Who better to play a couple that the entire viewing public will root for than the uncommonly adorable and blue-eyed Jason Ritter and Alexis Bledel? That's their job in the upcoming Fox series Us & Them: to make us fall in love with them enough that we understand why their family and friends uproot their lives to bring the long-distance pair together. At a special New York Television Festival screening event on Tuesday night, Ritter (Gavin) and Bledel (Stacey) were joined by executive producer David Rosen and their castmates Ashlie Atkinson (Nessa), Kurt Fuller (Michael), and Dustin Ybarra (Archie) to air the pilot and talk about this American adaptation of hit British sitcom Gavin & Stacey.
The pilot recreates a few classic moments from the first series created by James Corden and Ruth Jones, but deviates widely in places. The arc of the developing long-distance relationship of our title characters, for example, won't move as quickly as the British six-episode season format demanded. The city/country action has moved from Essex and Wales to New York and the very real Dillsburg, PA, respectively. ("I have their weather on my phone!" Atkinson said.) The cast talked about the meshing of their ensemble (Fuller: "We would sit at the table and just laugh and tell jokes and before we knew it, an hour was up and we were doing the scene again.") which also includes a mini-reunion of The State with Michael Ian Black as Stacey's Uncle Brian (perhaps the fan favorite of Gavin & Stacey) and Kerri Kenny as her mom Gwen, plus Malcolm in the Middle super-mom Jane Kaczmarek as Gavin's mother Pam; the pressure of playing an existing character ("I started to watch [Gavin & Stacey] when we were shooting, but then freaked out and had to stop," Ritter said); and high hopes for the future of the show. Atkinson bet one of the producers that if the series is picked up for a full season, she'll get a real version of Nessa's bacon tattoo.
The future of the show looks murky at the moment — Fox halted production with only six episodes finished. Those will air early next year. We hope it gets another chance. Us & Them is the rare adaptation that has its own vision, voice, and a sparkling cast chemistry. The panel encouraged those who want to see that develop to tweet, Facebook, and email Fox to demand more.
Thank goodness for literal titles. Otherwise I might be at a loss to ascertain just what exactly Eat Pray Love is about. Had I been without those three guiding verbs I might have suspected it to be about a forlorn earth-bound angel played by Julia Roberts who travels the world eliciting pearls of wisdom from charming impoverished locals in an effort to earn back her wings. It’s certainly the impression conveyed by the film’s director Ryan Murphy who takes great care to ensure that his ethereal star is never without her amber halo as she floats about in a soft-focus glow. Here’s Julia bathed in golden light and slurping up a pile of spaghetti in Italy. Here’s Julia bathed in golden light and meditating at an ashram in India. Here’s Julia bathed in golden light and charming a toothless medicine man in Bali.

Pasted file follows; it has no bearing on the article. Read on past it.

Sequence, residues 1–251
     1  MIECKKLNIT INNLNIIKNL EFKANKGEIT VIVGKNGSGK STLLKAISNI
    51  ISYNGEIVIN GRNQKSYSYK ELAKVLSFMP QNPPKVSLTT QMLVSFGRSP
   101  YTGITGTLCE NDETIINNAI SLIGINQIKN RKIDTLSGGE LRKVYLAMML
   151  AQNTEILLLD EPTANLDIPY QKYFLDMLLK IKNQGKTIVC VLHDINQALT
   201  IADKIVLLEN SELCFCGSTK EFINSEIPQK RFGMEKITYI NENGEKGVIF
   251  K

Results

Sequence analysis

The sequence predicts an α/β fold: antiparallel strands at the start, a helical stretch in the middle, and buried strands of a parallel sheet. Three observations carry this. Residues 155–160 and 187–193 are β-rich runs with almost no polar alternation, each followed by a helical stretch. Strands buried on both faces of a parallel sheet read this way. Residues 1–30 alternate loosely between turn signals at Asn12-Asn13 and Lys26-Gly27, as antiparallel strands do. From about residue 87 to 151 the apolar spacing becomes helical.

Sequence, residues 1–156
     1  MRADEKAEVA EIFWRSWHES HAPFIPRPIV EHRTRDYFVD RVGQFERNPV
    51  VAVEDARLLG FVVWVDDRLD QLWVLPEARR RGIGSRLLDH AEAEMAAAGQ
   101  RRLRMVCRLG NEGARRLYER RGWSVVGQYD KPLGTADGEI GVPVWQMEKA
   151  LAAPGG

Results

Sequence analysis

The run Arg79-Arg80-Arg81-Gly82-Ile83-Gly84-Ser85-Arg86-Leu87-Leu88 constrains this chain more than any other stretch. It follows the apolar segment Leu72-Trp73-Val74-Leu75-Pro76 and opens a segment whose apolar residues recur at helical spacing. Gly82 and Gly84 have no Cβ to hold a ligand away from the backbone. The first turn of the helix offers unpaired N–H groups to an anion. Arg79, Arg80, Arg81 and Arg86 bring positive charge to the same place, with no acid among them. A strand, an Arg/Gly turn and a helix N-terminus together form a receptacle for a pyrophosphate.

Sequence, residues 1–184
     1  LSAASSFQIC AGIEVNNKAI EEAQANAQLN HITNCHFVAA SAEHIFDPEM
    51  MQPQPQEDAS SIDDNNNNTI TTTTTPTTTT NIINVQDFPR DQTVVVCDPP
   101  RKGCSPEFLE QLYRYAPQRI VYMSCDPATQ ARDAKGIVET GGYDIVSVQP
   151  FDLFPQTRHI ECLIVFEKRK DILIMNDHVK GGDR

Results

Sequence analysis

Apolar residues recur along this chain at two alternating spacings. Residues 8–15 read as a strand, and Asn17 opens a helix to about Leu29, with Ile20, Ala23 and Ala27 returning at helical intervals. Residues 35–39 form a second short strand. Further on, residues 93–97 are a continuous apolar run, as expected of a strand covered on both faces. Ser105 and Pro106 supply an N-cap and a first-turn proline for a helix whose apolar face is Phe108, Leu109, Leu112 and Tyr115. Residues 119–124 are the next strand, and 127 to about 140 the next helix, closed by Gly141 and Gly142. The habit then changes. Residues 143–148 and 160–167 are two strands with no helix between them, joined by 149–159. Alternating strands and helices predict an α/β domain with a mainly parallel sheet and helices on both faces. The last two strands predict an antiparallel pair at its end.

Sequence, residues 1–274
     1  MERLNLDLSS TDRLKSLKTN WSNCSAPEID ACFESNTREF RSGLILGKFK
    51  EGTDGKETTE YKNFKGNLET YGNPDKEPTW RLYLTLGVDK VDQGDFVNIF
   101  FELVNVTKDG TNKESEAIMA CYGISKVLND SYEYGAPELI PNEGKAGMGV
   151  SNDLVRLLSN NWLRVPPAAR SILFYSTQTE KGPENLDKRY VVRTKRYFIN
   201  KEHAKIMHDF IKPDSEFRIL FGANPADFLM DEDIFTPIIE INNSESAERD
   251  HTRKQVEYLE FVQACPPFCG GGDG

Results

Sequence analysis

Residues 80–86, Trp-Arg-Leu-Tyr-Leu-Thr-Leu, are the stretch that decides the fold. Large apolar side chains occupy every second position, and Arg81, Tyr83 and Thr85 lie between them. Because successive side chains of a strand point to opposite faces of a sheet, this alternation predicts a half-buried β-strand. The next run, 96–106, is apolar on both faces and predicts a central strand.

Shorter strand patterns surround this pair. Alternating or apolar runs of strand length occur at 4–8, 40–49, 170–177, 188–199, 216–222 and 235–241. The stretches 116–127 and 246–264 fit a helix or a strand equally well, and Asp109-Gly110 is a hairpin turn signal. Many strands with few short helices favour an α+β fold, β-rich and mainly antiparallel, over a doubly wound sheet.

In actuality Roberts plays not a fallen seraph but the very human Elizabeth Gilbert upon whose bestselling memoir the film is based. A successful writer Liz is plagued by nagging doubts about her life’s direction which culminate in a terrifying middle-of-the-night realization that she is in fact desperately unhappy and in need of drastic change. Being a proactive gal she takes immediate action dumping her aimless doofus of a husband (Billy Crudup) and taking up with vapid young actor (James Franco). But his chiseled features and new-age aphorisms fail to relieve her existential languor and so she opts for more drastic measures pulling up stakes entirely and embarking on a year-long sojourn abroad in which she eats prays and loves in that precise order in a quest for self-discovery.
It’s a common cliche to say that a certain city or country is a character in a film shot on location but in the case of Eat Pray Love the settings of Italy India and Bali are not only characters they’re the most interesting characters of the entire ensemble. Which says less about the talents of the film’s cinematographer Robert Richardson than it does about the failings of its director and co-writer Murphy. The lone face that manages to stand out among the lackluster crowd is the always sublime Richard Jenkins who plays an unctuous Texan encountered by Roberts’ meandering malcontent during the "pray" portion of her journey. A sort of Hindu Dr. Phil he plies Liz with plain-spoken spiritual advice that helps to finally wrest her from her malaise.
And what exactly is Liz so sad about? Certainly her old life doesn’t appear all that worth mourning a sentiment inadvertently reinforced by flashbacks to difficult moments in her life which frankly appear more awkward than painful. As far as I could tell her principal emotional burdens are: 1) guilt over her entirely reasonable decision to divorce her doofus husband and 2) regret over her other entirely reasonable decision to ditch the vapid actor who never seemed more than just a brisk rebound fling.
If there’s more to Liz than just a pleasant mildly interesting girl faced a few tricky but eminently solvable issues Murphy isn’t able to convey it. (He does however succeed in finding a dozen different ways to photograph a bowl of spaghetti which I suppose is a kind of accomplishment.) Liz’s journey in Eat Pray Love never feels like more than just a lovely vacation the kind of thing usually commemorated in a Facebook photo album to be perused for a few minutes or so certainly not in a massively expensive (an exact budget number is suspiciously difficult to find) enormously tedious two-hour travelogue.